What did you think? Would you have sent home Richard and Scott? Did Harriet and Mike make an egregious and unforgivable error by using someone else's food in those marketing photographs? Who are you rooting for to win the grand prize? Discuss.

Next week on Last Restaurant Standing ("No Waste, No Loss"), the seven remaining teams must prove to Raymond and his inspectors that they don't waste food by using every single part of an organic pig from head to tail while making appetizing dishes.


Scott and Richard both seemed bewildered by the restaurant industry. I don't think they had a clue about what they were getting into and I'm very happy that it was their ludicrously named restaurant that Raymond shut this week.

I was also glad to see Mike and Harriet finally pull it together. They did have some missteps but improved greatly in this challenge and I look forward to seeing what they can now do in their own restaurant.
Ally said…
I finally watched. I am not surprised at all that Harriet didn't blame Helen for the photography faux pas, but I AM surprised that Helen didn't step up and take the blame. I like Helen, but I thought that put her character into question a bit, while at the same time telling me a lot about Harriet's character.

I am fine with the way it went down. The guys just seemed out of their element.

Popular posts from this blog

Katie Lee Packs Her Knives: Breaking News from Bravo's "Top Chef"

The android has left the building. Or the test kitchen, anyway. Top Chef 's robotic host Katie Lee Joel, the veritable "Uptown Girl" herself (pictured at left), will NOT be sticking around for a second course of Bravo's hit culinary competition. According to a well-placed insider, Joel will "not be returning" to the show. No reason for her departure was cited. Unfortunately, the perfect replacement for Joel, Top Chef judge and professional chef Tom Colicchio, will not be taking over as the reality series' host (damn!). Instead, the show's producers are currently scouring to find a replacement for Joel. Top Chef 's second season was announced by Bravo last month, but no return date has been set for the series' ten-episode sophomore season. Stay tuned as this story develops. UPDATE (6/27): Bravo has now confirmed the above story .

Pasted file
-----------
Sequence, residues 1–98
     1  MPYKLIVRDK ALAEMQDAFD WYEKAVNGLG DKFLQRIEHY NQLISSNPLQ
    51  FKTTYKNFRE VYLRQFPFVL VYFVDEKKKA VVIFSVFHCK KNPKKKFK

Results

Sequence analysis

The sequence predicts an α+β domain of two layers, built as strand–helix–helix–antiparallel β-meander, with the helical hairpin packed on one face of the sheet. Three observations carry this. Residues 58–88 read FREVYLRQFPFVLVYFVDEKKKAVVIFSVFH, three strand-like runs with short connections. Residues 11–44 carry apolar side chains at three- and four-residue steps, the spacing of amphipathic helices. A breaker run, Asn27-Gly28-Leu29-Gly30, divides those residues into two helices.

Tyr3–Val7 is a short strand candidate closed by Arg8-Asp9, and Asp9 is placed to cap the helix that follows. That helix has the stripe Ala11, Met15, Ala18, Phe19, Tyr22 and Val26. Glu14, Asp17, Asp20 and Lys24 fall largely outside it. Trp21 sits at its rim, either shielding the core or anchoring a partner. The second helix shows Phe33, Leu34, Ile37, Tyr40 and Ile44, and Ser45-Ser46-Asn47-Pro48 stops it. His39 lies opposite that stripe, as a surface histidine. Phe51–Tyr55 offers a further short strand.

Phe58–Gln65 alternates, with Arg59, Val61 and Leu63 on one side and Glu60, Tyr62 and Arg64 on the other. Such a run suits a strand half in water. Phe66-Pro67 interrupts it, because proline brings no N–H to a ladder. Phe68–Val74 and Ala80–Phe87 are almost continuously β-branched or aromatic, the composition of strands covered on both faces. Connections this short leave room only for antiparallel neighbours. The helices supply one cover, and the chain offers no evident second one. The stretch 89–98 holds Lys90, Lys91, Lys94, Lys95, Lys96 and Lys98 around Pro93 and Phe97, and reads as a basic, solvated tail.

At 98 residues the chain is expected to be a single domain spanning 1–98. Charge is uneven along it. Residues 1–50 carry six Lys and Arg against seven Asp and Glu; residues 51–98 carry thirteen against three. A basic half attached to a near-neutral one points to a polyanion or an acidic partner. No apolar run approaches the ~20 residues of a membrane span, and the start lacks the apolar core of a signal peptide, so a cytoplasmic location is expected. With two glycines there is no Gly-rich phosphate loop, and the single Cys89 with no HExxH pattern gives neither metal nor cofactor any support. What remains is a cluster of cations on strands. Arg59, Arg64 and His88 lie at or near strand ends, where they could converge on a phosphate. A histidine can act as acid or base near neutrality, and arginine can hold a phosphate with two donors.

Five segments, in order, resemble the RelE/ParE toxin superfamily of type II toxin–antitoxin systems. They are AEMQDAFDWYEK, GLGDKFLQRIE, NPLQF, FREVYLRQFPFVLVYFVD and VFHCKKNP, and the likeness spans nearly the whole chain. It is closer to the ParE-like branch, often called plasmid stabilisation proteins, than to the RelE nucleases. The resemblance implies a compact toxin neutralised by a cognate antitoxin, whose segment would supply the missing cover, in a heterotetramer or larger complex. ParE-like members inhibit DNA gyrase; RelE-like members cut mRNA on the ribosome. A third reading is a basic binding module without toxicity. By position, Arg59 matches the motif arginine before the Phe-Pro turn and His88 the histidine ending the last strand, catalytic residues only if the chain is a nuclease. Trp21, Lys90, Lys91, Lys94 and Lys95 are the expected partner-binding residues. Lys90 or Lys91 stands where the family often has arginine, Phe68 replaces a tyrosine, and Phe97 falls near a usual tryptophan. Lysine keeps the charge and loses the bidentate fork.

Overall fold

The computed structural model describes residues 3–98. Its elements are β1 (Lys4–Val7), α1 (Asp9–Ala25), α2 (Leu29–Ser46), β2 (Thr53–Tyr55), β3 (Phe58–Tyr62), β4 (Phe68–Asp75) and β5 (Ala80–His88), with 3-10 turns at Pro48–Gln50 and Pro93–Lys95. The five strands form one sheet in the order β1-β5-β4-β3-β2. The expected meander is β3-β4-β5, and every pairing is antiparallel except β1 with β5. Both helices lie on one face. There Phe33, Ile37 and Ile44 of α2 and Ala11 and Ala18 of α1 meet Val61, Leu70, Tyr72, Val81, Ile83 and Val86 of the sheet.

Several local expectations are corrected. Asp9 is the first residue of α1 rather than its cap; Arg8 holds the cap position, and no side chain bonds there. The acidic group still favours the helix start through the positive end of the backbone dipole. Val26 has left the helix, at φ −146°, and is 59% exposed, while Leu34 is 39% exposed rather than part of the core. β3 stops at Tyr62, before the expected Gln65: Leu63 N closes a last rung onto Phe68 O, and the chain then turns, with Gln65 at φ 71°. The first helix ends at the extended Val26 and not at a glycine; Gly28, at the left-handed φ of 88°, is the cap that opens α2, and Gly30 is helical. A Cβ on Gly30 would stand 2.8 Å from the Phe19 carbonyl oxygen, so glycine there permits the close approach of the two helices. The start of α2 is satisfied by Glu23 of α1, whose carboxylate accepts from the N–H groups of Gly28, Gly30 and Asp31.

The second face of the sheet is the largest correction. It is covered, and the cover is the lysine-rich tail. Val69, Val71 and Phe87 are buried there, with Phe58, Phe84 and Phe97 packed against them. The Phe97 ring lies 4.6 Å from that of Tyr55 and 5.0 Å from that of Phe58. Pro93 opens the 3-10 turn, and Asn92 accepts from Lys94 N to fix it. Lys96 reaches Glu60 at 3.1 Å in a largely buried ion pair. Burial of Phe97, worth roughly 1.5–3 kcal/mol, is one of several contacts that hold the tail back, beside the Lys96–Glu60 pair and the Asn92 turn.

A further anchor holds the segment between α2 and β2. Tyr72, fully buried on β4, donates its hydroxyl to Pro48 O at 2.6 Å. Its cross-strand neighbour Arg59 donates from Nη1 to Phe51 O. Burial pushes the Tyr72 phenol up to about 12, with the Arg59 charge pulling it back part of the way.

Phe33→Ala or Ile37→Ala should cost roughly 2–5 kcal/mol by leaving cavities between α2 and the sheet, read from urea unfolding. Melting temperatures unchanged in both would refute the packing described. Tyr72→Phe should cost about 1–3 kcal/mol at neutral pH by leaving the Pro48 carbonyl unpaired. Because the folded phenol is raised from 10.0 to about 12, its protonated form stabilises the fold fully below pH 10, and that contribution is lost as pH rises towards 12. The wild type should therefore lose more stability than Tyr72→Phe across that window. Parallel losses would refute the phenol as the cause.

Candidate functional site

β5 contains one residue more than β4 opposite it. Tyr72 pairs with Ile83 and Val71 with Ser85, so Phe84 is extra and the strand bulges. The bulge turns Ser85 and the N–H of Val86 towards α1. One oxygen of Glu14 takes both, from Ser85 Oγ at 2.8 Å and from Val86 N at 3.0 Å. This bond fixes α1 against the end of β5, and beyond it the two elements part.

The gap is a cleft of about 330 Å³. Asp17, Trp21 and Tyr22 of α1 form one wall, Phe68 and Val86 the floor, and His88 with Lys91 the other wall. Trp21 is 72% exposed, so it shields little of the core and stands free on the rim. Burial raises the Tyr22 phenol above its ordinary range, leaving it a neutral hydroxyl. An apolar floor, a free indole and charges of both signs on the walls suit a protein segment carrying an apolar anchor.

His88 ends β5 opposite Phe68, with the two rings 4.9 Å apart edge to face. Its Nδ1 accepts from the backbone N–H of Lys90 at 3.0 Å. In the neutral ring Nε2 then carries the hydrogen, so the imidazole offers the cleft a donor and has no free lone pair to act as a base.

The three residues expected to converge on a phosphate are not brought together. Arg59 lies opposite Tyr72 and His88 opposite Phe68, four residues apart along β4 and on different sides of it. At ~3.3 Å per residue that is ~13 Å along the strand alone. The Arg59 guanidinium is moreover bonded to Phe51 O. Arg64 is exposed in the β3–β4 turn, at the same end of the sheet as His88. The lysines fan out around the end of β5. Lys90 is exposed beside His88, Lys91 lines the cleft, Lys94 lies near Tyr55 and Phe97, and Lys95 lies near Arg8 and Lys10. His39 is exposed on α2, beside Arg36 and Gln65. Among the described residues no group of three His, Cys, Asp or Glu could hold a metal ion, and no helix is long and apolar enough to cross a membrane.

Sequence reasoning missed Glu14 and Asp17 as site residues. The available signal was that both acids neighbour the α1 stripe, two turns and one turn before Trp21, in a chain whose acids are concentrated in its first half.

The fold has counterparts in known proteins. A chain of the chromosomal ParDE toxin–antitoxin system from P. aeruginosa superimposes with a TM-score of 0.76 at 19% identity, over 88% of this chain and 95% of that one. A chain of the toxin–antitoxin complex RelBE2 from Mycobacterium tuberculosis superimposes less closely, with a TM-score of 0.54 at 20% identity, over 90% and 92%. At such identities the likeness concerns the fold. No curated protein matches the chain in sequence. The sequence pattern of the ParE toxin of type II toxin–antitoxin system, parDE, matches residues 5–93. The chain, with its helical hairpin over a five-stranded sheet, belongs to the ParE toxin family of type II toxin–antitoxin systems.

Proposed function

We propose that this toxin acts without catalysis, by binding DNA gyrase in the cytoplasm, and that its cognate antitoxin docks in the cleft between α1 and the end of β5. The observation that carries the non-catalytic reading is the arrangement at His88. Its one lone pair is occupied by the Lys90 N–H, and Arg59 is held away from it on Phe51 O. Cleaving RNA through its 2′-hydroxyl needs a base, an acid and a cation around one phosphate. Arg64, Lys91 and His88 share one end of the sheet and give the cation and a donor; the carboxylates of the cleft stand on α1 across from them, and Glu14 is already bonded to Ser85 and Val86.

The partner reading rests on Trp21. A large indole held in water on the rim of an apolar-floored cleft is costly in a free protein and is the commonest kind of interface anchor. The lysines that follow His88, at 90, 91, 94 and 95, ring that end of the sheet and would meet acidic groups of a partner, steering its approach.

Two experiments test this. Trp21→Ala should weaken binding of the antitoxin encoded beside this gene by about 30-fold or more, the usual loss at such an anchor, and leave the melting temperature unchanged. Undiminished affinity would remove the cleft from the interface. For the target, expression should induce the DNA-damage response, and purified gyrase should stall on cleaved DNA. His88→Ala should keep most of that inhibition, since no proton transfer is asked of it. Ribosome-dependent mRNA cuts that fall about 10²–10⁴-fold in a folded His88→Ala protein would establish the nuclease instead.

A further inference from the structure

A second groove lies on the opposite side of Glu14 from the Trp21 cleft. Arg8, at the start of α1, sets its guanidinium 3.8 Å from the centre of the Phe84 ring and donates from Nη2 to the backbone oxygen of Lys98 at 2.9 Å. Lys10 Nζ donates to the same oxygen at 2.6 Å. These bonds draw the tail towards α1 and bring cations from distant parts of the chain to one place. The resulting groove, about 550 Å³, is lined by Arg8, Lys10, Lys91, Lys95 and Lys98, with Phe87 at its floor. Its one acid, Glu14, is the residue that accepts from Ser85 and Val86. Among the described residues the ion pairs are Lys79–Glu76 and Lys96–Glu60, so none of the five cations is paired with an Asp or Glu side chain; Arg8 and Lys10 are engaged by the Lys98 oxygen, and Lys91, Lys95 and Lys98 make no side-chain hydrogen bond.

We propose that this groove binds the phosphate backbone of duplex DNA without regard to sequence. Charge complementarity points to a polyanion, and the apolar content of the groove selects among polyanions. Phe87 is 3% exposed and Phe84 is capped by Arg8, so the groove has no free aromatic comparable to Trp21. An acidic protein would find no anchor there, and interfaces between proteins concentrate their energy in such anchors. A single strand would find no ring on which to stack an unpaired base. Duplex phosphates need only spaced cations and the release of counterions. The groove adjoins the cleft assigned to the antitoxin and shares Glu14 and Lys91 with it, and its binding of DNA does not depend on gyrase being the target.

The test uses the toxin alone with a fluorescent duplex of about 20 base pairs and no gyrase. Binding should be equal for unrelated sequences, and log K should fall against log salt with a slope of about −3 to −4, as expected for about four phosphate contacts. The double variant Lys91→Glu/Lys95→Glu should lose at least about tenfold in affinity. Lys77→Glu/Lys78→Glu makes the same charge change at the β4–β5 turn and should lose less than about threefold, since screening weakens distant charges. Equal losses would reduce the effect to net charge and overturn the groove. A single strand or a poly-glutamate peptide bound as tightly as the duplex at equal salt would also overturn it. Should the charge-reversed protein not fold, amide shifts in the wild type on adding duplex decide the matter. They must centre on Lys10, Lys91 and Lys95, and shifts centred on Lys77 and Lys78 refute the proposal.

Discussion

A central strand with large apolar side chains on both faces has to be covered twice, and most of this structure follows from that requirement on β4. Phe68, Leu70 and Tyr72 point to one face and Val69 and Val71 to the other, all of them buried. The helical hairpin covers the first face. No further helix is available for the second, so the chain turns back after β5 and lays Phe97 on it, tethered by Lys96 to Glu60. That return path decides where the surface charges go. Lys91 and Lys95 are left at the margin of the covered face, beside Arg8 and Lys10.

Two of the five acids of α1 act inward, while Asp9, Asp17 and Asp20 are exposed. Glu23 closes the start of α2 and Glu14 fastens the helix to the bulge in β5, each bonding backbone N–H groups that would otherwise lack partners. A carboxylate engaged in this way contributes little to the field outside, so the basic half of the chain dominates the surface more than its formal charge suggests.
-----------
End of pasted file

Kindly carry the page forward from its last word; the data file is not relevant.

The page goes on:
Have a Burning Question for Team Darlton, Matthew Fox, Evangeline Lilly, or Michael Emerson?

Lost fans: you don't have to make your way to the island via Ajira Airways in order to ask a question of the creative team or the series' stars. Televisionary is taking questions from fans to put to Lost 's executive producers/showrunners Damon Lindelof and Carlton Cuse and stars Matthew Fox ("Jack Shephard"), Evangeline Lilly ("Kate Austen"), and Michael Emerson ("Benjamin Linus") for a series of on-camera interviews taking place this weekend. If you have a specific question for any of the above producers or actors from Lost , please leave it in the comments section below . I'll be accepting questions until midnight PT tonight and, while I can't promise I'll be able to ask any specific inquiry due to the brevity of these on-camera interviews, I am looking for some insightful and thought-provoking questions to add to the mix. So who knows: your burning question might get asked after all.

BBC Culture: Matthew Weiner: Mad Men’s creator on its final episodes

The creative force behind the period drama talks about where his characters are as his show begins its final episodes. “We left off with everyone’s material needs being met in an extreme way,” says Mad Men creator Matthew Weiner of where we last saw the characters on his critically acclaimed period drama when the show went on hiatus 10 months ago. “Then the issue is, what else is there?” That is the central question with the return to US TV of the AMC hit, one demanding to be answered by both the show’s characters, and its creator whose success is the envy of the television industry. Mad Men has been a defining part of Weiner’s life for the last 15 years. He wrote the pilot script on spec while he was a staff writer on CBS’ Ted Danson sitcom Becker in 1999, using it to land a writing gig on HBO’s The Sopranos in 2002. It would take another five years, filled with multiple rejections, before the first episode of Mad Men would make it on the air. Someone with less determination or vision